I come from a long line of car-guys (and gals!), so when looking through old family photo albums, I occasionally discover automotive gold. This was the case on Thanksgiving 2012. I was scouring through old albums looking for pictures of muscle cars that my parents, aunts, and uncles once owned, and there it was. Amidst some blurry pictures of “Jungle Jim’s” famous funny car, was a New England Dragway entrance ticket from August 6th 1972. How intriguing I thought… I pulled it out of the album and flipped over the business card that was with it, only to discover something truly incredible. The business card was actually a time slip from my dad’s voyage down the quarter mile. And how quick & fast was he? Continue reading In the 1972, Drag Racing Was a Bit Slower.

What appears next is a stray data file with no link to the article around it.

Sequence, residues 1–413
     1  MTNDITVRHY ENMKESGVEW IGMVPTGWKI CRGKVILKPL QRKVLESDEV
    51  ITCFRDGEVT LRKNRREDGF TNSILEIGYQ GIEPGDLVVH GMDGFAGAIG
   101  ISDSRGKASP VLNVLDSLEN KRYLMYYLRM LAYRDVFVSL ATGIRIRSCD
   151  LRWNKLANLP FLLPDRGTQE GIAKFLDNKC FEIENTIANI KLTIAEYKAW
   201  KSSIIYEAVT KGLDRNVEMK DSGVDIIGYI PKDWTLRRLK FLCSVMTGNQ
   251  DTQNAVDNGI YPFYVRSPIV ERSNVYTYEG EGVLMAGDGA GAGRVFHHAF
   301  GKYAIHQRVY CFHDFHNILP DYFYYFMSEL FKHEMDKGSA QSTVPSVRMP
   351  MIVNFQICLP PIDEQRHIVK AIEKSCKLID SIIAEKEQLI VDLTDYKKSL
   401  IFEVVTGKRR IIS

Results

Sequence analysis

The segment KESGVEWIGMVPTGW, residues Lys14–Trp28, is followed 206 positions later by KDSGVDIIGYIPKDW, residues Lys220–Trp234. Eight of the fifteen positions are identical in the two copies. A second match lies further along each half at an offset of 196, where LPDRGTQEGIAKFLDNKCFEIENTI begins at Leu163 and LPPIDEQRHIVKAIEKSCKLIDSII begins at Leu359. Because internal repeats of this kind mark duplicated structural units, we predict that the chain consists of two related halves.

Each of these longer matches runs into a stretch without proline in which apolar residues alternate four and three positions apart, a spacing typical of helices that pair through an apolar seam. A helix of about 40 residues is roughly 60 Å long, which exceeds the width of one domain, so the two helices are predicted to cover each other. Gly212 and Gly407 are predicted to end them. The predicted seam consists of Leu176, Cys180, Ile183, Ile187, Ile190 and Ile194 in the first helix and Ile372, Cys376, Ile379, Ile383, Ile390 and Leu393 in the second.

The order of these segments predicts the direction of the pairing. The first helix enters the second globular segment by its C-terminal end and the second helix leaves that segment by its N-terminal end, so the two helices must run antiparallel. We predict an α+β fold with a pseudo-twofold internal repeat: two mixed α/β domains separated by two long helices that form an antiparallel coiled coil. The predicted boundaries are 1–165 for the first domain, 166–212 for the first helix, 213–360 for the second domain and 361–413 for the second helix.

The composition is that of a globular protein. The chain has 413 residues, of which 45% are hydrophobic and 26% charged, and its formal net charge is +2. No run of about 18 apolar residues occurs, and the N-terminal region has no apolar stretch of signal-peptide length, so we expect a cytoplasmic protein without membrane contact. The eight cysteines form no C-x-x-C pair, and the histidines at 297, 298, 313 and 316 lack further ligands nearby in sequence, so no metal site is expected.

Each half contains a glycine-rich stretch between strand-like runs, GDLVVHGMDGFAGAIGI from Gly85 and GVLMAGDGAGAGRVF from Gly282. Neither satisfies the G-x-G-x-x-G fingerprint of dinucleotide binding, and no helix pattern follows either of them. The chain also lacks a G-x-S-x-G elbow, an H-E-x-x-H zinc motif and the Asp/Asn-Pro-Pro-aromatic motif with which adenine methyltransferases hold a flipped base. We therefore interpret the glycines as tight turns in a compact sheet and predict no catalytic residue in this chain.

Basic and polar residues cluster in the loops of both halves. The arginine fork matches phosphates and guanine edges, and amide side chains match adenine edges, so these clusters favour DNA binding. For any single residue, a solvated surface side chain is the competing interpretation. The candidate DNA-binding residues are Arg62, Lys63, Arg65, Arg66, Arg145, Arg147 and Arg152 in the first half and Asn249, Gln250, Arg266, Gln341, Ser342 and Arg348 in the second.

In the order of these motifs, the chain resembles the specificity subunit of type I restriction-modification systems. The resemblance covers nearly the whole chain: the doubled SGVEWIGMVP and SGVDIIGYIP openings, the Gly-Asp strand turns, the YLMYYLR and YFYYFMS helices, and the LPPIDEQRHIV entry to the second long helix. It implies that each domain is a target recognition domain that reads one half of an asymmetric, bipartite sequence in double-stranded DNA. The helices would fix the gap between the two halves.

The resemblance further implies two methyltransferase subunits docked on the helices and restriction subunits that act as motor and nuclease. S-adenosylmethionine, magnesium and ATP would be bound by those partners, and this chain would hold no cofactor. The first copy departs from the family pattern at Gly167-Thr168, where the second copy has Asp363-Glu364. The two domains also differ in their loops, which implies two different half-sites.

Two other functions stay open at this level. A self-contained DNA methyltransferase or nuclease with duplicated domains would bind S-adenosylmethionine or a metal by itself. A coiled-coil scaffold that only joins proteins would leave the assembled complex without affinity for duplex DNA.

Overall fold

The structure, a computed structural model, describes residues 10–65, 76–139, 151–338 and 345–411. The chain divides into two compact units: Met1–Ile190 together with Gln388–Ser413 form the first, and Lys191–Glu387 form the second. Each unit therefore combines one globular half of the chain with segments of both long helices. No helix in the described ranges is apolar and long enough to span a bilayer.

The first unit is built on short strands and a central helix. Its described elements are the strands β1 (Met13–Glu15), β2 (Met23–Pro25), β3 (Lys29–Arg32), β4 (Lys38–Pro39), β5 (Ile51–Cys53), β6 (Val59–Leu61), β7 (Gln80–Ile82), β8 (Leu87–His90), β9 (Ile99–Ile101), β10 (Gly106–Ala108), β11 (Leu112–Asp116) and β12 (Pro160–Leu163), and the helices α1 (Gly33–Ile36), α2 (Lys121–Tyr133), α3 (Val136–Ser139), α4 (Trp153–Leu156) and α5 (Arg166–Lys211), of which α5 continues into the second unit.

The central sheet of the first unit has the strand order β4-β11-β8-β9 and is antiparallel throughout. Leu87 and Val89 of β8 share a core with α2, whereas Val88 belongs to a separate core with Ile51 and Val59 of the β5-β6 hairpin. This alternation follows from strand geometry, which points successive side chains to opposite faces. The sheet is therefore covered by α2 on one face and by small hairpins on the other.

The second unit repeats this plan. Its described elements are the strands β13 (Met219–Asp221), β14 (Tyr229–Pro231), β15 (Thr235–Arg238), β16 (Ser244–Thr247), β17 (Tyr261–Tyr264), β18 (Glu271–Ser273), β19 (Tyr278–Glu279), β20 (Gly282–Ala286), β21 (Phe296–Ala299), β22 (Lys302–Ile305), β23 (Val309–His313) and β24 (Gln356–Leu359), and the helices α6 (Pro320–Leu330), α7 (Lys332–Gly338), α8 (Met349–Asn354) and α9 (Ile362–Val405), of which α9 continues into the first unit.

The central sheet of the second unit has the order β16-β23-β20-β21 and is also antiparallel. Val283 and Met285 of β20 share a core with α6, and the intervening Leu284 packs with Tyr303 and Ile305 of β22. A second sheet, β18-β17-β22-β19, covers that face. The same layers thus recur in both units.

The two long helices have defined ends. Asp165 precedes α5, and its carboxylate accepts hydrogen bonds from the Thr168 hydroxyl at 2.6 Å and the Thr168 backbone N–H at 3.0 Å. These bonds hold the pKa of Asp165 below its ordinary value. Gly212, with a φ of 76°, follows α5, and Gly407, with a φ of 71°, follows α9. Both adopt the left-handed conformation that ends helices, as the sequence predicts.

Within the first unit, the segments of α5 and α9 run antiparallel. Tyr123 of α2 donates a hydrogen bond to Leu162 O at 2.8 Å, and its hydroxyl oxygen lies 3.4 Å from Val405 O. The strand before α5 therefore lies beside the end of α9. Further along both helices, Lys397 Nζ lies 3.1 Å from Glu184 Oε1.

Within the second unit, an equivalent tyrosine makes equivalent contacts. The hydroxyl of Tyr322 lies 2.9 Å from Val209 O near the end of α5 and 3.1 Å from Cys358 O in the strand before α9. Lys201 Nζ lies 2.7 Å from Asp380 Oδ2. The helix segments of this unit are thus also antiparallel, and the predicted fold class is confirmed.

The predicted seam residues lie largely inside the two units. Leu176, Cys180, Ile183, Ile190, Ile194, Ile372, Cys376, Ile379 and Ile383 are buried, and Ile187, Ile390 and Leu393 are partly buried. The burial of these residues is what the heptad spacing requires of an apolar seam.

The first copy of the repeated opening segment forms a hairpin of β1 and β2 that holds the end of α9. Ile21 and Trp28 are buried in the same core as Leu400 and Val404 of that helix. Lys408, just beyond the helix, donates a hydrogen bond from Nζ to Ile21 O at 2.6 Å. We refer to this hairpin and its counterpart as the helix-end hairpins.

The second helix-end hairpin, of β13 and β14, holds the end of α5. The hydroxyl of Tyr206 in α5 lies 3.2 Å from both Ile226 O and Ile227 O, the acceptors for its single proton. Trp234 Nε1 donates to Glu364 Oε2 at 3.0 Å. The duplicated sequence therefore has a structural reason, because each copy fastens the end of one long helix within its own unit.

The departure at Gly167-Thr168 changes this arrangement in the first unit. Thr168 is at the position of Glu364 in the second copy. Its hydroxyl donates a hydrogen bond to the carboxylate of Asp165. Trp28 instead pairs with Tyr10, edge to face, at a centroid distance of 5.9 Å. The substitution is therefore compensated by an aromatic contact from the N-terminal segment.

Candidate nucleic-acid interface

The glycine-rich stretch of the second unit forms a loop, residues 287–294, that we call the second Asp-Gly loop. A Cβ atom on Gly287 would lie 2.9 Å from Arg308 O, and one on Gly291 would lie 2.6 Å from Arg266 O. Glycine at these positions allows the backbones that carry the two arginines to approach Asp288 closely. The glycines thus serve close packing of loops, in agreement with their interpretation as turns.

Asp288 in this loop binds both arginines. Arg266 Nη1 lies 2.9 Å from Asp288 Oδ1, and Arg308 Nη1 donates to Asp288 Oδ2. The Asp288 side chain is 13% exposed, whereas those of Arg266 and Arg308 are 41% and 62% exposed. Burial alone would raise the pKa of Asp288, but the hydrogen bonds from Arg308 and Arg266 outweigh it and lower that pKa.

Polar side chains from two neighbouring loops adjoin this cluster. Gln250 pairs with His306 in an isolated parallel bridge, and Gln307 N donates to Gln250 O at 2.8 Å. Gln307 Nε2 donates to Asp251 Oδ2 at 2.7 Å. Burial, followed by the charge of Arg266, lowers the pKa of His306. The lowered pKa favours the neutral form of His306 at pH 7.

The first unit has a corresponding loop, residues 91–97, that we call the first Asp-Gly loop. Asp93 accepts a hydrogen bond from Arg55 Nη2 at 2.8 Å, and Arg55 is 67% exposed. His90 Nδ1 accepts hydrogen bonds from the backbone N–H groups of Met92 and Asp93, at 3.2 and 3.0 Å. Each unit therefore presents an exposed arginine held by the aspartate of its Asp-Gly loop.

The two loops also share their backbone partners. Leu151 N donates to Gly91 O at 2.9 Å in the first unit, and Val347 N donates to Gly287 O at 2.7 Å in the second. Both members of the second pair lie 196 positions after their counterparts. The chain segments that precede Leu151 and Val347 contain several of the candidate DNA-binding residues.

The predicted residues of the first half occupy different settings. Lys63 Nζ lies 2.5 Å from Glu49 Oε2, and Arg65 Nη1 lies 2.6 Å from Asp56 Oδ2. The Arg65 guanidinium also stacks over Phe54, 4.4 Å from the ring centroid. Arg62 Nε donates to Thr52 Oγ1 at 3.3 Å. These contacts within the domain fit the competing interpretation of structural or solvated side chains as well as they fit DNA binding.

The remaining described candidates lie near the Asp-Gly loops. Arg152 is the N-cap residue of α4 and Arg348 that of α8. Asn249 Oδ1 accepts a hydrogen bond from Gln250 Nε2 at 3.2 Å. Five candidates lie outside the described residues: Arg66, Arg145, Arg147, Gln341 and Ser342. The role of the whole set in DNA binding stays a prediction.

Back in February, we introduced you to Matt A. and his E30 BMW. Under his hood was a Mitsu Eclipse 4G63 turbo engine swap, along with a 6-speed manual transmission, and a turbo that could swallow a goose whole and not even surge. Last year, Matt’s BMW was making a mere 500-ish horsepower and running low 11’s in the quarter mile at 119 mph. So, it was basically too slow, because Matt wanted 9’s. Fair enough.
It’s now July 2011, and racing season is in full swing again. On July 9th Matt took his BMW up to New England Dragway for his first real testing day this season. Right off that bat, Matt tore off a 1.586 second 60 foot time, and ran 10.538 at 132 mph. Cutting a half a second off your 1320 time, along with gaining 13 mph is not too shabby I’d say.